August 20, 2021 — While there were some construction framing dimension softwood lumber prices that continued to drop for the week ending August 20, several prices were flat while others actually popped up.
Many in the industry suggest a combination of correction with the supply-demand balance, and eager customers returning to buy after holding off since spring when prices were so high, as reasons for this new development.
Normally at this time of year construction activity is slowing down, thus lumber sales — and prices — are weakening. However the latest data out of US new home building and new home sales and prices shows a powerful underpinning of strong appetite, which might bring high volumes of lumber sales to come before this year is out.
Dropping for barely two days before recovering back up — which will be seen in the following week’s data — for the week of August 20, 2021 the price of Western S-P-F 2×4 #2&Btr KD (RL) was US$390 mfbm. This is down by -$49, or -11%, from the previous week when it was $439.
Field inventories were far from empty, and some buyers still had high-priced lumber headed their way which had been delayed during the market’s precipitous tumble.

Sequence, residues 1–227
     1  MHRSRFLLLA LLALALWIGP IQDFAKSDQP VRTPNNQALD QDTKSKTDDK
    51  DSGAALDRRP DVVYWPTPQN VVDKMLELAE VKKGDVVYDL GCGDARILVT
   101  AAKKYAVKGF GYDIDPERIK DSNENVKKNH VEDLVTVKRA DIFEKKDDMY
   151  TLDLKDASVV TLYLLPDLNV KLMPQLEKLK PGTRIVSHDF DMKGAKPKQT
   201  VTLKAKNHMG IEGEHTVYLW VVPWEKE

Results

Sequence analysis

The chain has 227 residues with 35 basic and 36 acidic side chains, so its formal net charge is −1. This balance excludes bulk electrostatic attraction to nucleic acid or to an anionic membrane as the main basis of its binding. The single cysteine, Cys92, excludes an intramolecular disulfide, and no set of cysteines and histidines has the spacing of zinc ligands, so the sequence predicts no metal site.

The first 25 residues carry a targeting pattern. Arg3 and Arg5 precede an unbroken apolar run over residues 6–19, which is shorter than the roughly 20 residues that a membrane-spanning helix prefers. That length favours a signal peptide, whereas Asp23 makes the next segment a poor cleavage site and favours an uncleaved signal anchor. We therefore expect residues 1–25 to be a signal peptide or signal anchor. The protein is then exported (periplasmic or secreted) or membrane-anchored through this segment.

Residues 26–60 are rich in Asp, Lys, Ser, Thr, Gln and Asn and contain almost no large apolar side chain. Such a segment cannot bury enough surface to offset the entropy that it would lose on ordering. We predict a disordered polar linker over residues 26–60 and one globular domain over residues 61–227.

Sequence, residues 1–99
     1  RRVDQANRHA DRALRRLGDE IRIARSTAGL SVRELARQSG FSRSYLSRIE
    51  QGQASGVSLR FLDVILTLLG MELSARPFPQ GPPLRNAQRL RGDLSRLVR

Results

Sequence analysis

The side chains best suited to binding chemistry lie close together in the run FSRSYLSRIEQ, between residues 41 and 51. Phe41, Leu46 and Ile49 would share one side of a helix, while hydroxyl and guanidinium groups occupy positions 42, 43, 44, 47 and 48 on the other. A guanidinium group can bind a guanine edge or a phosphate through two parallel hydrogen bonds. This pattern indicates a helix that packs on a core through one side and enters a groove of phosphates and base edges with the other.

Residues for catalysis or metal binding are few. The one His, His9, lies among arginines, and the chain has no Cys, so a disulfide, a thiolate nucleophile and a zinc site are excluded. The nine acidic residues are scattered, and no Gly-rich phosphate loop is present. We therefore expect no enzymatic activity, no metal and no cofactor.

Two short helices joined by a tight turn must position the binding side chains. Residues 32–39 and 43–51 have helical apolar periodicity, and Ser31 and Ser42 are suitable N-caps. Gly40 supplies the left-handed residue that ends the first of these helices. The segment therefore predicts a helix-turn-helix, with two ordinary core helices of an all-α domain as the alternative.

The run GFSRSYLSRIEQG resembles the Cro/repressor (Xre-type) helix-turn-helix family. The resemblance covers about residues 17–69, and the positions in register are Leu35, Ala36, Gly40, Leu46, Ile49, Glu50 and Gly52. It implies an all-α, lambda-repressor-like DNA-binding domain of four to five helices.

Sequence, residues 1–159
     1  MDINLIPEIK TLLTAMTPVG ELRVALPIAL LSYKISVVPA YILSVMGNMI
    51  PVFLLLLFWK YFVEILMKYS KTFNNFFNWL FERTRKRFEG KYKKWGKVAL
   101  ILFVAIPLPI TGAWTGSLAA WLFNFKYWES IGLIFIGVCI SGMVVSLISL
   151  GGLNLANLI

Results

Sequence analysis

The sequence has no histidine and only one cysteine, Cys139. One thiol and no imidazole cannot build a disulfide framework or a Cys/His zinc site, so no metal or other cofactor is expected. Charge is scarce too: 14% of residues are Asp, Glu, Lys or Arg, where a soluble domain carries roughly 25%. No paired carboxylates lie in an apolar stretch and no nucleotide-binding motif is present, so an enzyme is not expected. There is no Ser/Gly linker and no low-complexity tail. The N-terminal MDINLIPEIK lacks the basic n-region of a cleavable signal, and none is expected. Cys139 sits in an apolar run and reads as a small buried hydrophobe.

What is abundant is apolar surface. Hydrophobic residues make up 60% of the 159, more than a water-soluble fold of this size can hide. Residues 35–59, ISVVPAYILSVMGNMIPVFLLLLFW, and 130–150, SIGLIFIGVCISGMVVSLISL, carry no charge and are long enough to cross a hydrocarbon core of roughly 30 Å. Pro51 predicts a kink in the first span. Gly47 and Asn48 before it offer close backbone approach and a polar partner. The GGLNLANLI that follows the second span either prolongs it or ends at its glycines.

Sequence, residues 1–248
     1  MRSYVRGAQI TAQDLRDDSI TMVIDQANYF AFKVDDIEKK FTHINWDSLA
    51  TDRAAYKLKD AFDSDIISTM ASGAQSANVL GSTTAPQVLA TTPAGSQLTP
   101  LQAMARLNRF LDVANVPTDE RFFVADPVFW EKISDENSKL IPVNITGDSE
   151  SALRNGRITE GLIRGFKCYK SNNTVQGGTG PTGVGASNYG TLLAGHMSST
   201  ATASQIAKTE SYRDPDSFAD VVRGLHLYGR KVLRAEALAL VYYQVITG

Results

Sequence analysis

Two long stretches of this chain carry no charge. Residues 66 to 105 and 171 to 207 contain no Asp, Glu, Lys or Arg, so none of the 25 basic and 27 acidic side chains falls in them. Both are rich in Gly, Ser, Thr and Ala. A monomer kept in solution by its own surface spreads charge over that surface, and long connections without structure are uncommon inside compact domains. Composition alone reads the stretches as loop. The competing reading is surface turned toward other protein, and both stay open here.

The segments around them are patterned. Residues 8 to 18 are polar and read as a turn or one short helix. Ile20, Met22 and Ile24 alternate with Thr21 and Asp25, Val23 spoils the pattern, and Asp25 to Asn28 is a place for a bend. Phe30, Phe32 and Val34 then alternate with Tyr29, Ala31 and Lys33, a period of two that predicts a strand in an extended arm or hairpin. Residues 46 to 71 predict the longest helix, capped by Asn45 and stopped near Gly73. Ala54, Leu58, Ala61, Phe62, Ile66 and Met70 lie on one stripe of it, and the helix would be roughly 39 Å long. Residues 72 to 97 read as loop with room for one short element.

The summer doldrums persisted in lumber and studs sales as demand for panels continued to slump.”— Madison’s Lumber Reporter
Demand for Western S-P-F in the US was hit and miss. Sawmills consequently chased customers for deals, more than the other way around. Order files were no further out than one week, with plenty of prompt availability showing up in producers’ yards.
Trading ranges continued to fluctuate, but the tone of business was slightly less chaotic according to Canadian suppliers of Western S-P-F commodities. While sawmills searched for the magic price level that would bring consistent sales, obstinate buyers leaned on counter offers and were quite content to sit on their decent inventories if they didn’t like the numbers.
Steady demand for Eastern S-P-F persisted, and demand improved as the week wore on. Sales volumes trailed off Friday as has become the trend in recent weeks. Buyers and sawmills continued to haggle, with the former taking an aggressive approach to quoting while the latter threw out counter offers until the two found a level amenable to both.”— Madison’s Lumber Reporter